A border war down in South America

President-Elect Jair Bolsonaro recently made news with his announcement about Cuban doctors in Brazil.  He also ran as a "law and order" candidate, and the Paraguay-Brazil border will quickly be on his agenda.

This is the latest report from that border:

Paraguay shares a thinly policed, 848-mile border with Brazil, and has long been a hub for smuggling and money laundering.  The country is a major producer of marijuana, has a vibrant arms market and acts as a conduit for cocaine shipped from neighboring Bolivia.

But now, powerful gangs from Brazil are exploiting Paraguay's lax gun laws, police corruption and weak justice system to establish a more permanent foothold. 

These criminal organizations "no longer treat Paraguay like a foreign country, but rather part of their criminal domain," Mr. Guizzio said.

Eradicating the gangs' influence poses a significant institutional challenge for Paraguay, senior officials say.

Yes, a problem for Paraguay, but just as big for the incoming Bolsonaro administration.

In a way, Paraguay is turning into the 1990s Afghanistan of the South American drug cartels – in other words, a haven or place where they run to, regroup, count their dollars, and plan the next operation.

Also, Paraguay is a small country that simply can't compete with well armed criminal organizations.

So what does "law and order" Bolsonaro do?

He will probably beef up border patrols and put troops on the border.  After that, Brazil could take military action, something similar to U.S. troops chasing the North Vietnamese into Cambodia under President Nixon.

As any Brazilian will tell you, drug violence can be seen in any major city.  The murder rates are high and getting higher.

So don't be surprised if President Bolsonaro acts soon.

PS: You can listen to my show (Canto Talk) and follow me on Twitter.

President-Elect Jair Bolsonaro recently made news with his announcement about Cuban doctors in Brazil.  He also ran as a "law and order" candidate, and the Paraguay-Brazil border will quickly be on his agenda.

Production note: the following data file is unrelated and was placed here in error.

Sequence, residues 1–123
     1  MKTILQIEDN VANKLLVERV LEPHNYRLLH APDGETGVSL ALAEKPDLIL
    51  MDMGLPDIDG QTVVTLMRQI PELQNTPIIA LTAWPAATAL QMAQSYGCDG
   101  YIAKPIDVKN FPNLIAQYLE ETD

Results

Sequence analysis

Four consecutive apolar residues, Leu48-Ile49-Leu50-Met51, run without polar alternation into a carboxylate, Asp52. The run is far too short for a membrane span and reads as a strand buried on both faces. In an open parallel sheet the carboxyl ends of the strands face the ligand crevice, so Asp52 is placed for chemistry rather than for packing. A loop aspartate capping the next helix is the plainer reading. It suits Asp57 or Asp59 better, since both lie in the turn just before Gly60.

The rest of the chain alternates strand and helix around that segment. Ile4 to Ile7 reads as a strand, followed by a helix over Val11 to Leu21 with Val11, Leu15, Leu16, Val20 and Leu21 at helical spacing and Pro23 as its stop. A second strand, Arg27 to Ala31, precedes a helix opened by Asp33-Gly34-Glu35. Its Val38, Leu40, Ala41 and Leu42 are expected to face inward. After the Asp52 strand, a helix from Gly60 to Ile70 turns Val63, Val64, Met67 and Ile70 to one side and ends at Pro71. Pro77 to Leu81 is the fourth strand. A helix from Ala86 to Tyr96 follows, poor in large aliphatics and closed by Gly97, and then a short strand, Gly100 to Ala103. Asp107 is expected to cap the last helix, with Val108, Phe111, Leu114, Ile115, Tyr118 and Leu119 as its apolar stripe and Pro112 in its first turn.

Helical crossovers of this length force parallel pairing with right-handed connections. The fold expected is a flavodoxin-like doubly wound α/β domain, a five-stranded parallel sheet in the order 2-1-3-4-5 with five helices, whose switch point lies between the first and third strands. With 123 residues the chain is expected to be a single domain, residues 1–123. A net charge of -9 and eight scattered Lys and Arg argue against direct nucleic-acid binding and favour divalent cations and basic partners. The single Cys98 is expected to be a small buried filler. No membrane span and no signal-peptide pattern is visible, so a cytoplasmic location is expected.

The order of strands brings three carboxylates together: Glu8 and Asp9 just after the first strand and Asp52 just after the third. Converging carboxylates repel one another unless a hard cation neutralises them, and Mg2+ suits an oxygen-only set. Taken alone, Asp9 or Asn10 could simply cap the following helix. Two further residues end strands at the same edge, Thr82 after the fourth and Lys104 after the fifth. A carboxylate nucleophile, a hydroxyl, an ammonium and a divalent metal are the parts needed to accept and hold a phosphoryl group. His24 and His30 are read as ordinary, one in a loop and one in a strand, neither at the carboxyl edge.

This is the latest report from that border:

Paraguay shares a thinly policed, 848-mile border with Brazil, and has long been a hub for smuggling and money laundering.  The country is a major producer of marijuana, has a vibrant arms market and acts as a conduit for cocaine shipped from neighboring Bolivia.

But now, powerful gangs from Brazil are exploiting Paraguay's lax gun laws, police corruption and weak justice system to establish a more permanent foothold. 

These criminal organizations "no longer treat Paraguay like a foreign country, but rather part of their criminal domain," Mr. Guizzio said.

Eradicating the gangs' influence poses a significant institutional challenge for Paraguay, senior officials say.

Yes, a problem for Paraguay, but just as big for the incoming Bolsonaro administration.

In a way, Paraguay is turning into the 1990s Afghanistan of the South American drug cartels – in other words, a haven or place where they run to, regroup, count their dollars, and plan the next operation.

Also, Paraguay is a small country that simply can't compete with well armed criminal organizations.

So what does "law and order" Bolsonaro do?

He will probably beef up border patrols and put troops on the border.  After that, Brazil could take military action, something similar to U.S. troops chasing the North Vietnamese into Cambodia under President Nixon.

As any Brazilian will tell you, drug violence can be seen in any major city.  The murder rates are high and getting higher.

So don't be surprised if President Bolsonaro acts soon.

PS: You can listen to my show (Canto Talk) and follow me on Twitter.